In case you haven’t heard by now, on April 25 I will be doing my first craft fair. Pardon me while I take a moment to panic because that’s only about two weeks away.
Okay I’m done. 🙂
Anyway, over the past few weeks I have gotten some great tips from craft fair veterans, so I thought I’d share them here for all you other newbies.
1. June, creator of isewcute (I Sew Cute) suggests to bring a buddy. It will be a long and exciting day, and you will need a potty break and maybe just a few minutes away from your booth. Many shows have “booth sitters” available, so that may be an option if you can’t find someone to help. Personally I think it’s better if you know the person watching your booth and, more importantly, they know enough about your products to answer questions while you’re out.
You can visit isewcute on Etsy here: http://isewcute.etsy.com
2. Bring plenty of change. This is the one I worry about forgetting, because it’s so basic. In most cases, your patrons will be paying in cash. You don’t want to lose a sale because you can’t break a $20.
3. If there’s some part of your craft that you can easily work on at the show, then you might consider doing it as a kind of impromptu demonstration. Just be sure you don’t get so engrossed in your work that you seem unapproachable.
4. Don’t just sit behind a table or spend all your time reading, chatting with one person or otherwise completely engages in something other than your patrons. It can make you seem unfriendly or deter customers from asking questions. While we’re on the topic of questions…
5. Expect some questions about your product, prices, etc. that seem strange, absurd or just plain rude. Not everyone gets them, but I’ve heard complaints from vendors about patrons asking them to teach them how to make a product, complaining about the prices, or, claiming that there was something wrong with their products. It’s best to try to take everything in good humor. There’s no sense in letting one or two such comments spoil your day, and it may be that the person asking didn’t realize their comments would be seen as offensive.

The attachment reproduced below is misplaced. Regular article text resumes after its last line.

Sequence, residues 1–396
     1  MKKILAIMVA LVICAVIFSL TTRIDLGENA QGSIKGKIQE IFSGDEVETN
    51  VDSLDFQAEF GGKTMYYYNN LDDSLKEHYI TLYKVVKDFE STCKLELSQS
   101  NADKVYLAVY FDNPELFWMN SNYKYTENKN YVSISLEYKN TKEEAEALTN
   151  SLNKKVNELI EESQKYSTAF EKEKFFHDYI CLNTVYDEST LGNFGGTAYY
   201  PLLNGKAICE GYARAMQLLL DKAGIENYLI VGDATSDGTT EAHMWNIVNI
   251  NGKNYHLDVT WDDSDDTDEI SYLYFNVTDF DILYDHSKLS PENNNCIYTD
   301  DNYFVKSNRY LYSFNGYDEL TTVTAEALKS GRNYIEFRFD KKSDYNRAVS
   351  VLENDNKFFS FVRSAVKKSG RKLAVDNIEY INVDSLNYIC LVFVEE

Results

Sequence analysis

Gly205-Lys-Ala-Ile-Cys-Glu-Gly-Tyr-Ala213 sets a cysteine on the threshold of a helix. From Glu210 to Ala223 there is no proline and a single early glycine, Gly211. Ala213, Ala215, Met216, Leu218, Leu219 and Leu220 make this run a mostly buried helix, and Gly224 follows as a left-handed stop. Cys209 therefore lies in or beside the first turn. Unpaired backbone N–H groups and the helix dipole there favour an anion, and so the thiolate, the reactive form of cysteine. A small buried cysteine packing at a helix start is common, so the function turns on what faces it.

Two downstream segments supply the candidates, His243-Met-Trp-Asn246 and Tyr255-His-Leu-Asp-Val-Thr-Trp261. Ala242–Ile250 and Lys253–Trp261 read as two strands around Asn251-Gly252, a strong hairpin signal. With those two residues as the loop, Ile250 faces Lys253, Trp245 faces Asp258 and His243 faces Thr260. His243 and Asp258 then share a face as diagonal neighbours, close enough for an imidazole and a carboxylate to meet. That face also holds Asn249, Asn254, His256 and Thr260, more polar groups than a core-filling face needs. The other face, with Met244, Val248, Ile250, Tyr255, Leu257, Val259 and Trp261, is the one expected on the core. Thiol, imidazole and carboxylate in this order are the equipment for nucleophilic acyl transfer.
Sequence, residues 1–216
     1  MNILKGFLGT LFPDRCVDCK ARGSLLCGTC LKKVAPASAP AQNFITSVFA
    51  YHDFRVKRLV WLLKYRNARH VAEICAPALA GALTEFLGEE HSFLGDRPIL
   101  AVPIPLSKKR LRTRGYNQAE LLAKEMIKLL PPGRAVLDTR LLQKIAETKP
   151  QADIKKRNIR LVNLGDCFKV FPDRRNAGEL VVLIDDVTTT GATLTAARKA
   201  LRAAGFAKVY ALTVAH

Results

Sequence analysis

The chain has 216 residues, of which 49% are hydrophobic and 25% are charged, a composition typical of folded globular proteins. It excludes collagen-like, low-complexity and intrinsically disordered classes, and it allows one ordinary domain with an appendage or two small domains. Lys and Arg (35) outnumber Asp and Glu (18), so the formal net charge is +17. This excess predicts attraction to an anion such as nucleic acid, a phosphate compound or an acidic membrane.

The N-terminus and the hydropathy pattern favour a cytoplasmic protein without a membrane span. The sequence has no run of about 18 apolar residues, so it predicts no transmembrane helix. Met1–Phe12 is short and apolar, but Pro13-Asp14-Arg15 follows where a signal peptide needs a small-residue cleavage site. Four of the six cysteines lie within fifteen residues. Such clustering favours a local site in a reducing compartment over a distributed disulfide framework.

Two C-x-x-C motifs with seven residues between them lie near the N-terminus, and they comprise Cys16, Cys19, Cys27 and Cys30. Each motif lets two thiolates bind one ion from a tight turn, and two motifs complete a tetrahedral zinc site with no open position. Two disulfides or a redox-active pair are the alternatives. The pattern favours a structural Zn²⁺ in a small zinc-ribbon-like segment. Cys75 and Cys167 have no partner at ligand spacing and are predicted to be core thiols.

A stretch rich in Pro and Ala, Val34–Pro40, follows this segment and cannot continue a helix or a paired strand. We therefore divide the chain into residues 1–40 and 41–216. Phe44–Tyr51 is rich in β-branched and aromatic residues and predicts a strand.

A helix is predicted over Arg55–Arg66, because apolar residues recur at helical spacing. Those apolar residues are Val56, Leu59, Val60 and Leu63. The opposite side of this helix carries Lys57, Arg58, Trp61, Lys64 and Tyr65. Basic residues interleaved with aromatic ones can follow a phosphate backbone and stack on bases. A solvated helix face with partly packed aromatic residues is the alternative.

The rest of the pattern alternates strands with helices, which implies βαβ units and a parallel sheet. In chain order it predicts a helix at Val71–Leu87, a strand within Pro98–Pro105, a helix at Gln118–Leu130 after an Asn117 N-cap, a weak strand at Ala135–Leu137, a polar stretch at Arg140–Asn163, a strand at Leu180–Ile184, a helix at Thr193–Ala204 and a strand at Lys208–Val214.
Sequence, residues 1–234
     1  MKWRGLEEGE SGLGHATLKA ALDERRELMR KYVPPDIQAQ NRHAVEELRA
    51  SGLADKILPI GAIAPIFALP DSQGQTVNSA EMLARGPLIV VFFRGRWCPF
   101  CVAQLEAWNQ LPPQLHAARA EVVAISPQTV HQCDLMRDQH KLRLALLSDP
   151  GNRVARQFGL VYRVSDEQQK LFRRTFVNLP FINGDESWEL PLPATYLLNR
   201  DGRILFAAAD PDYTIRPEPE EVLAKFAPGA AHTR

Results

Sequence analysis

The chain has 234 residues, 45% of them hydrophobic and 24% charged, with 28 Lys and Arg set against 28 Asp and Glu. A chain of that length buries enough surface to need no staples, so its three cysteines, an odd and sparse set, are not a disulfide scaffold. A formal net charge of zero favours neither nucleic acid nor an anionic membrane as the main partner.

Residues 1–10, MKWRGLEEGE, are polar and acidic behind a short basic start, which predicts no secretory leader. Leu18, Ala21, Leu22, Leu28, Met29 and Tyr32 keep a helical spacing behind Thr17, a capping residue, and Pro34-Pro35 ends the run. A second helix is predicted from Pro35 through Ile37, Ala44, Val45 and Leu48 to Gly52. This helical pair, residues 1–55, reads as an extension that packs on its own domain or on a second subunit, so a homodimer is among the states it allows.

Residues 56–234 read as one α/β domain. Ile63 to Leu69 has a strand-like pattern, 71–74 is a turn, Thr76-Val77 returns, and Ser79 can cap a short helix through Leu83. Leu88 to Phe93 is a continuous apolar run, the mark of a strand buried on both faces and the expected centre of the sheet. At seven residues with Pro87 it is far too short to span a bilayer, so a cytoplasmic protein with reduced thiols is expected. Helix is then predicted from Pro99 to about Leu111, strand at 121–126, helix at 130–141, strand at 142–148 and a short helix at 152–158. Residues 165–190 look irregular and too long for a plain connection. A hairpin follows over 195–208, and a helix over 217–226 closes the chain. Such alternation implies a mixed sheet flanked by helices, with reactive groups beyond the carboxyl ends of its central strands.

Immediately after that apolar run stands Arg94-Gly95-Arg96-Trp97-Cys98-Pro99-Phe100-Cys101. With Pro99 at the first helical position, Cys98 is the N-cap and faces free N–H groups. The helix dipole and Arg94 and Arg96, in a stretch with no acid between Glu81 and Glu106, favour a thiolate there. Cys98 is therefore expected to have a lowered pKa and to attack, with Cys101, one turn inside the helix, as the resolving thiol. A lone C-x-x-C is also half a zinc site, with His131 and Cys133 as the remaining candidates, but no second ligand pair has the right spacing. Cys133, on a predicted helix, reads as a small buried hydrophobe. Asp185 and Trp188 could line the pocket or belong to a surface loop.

6. Don’t take checks. This one is a little controversial, as many do without a problem, especially if they can’t accept credit cards. I would say if you do decide to take checks, to be sure you do your research, ask for ID and get as much info as you can, such as license number, DOB, phone number, etc. I would also set strict guidelines such as no out of town checks and possibly a limit on the amount.
My mom has also suggested that, if possible, rather than deposit the check directly into your account, take the check to the issuing bank to have it cashed. This prevents charges from your bank if the check bounces. I’m not sure if all banks allow this, however.
7. Make sure everything has price tags or clear pricing signs. I know that I personally won’t ask for a price unless I am just DYING to have a particular item.
8. This one comes from Kristi, aka GreyWillowStudios on Etsy: “I like to make a little first aid kit to take along – tums, tylenol/advil, tissues, bandaids, etc. Breath mints and hand sanitizer or baby wipes are good too.” Kristi also suggests having small, easy to eat snacks.
9. Sandi offered this tip for tracking inventory: “Putting a sticker on each package that can be removed – will keep up with your inventory – just put it on a piece of paper, as you go along – that way you don’t have to look over a list as you are waiting on customers.” You can visit Sandi’s website here: http://www.sandists.com/
10. Kay, creator of The Rustic Cottage gave this great tip to help keep you prepared for everything: “One thing I do is make a list of all the things I’m going to take in “show bag”. Extra price labels, scissors, pens, sales slip, business cards, tape – anything you think you might need to use in your display at the last minute or to fix something. I keep these in a little zippered bag which goes in my big tote. I restock after every show.” Check out The Rustic Cottage here: http://www.diyminishoppes.com/shoppes/therusticcottage/index.html
On a different note, TODAY IS MY MOM’S BIRTHDAY! So, Happy Birthday Mom, and to those of you reading this, please harass me and make sure I don’t forget to call her.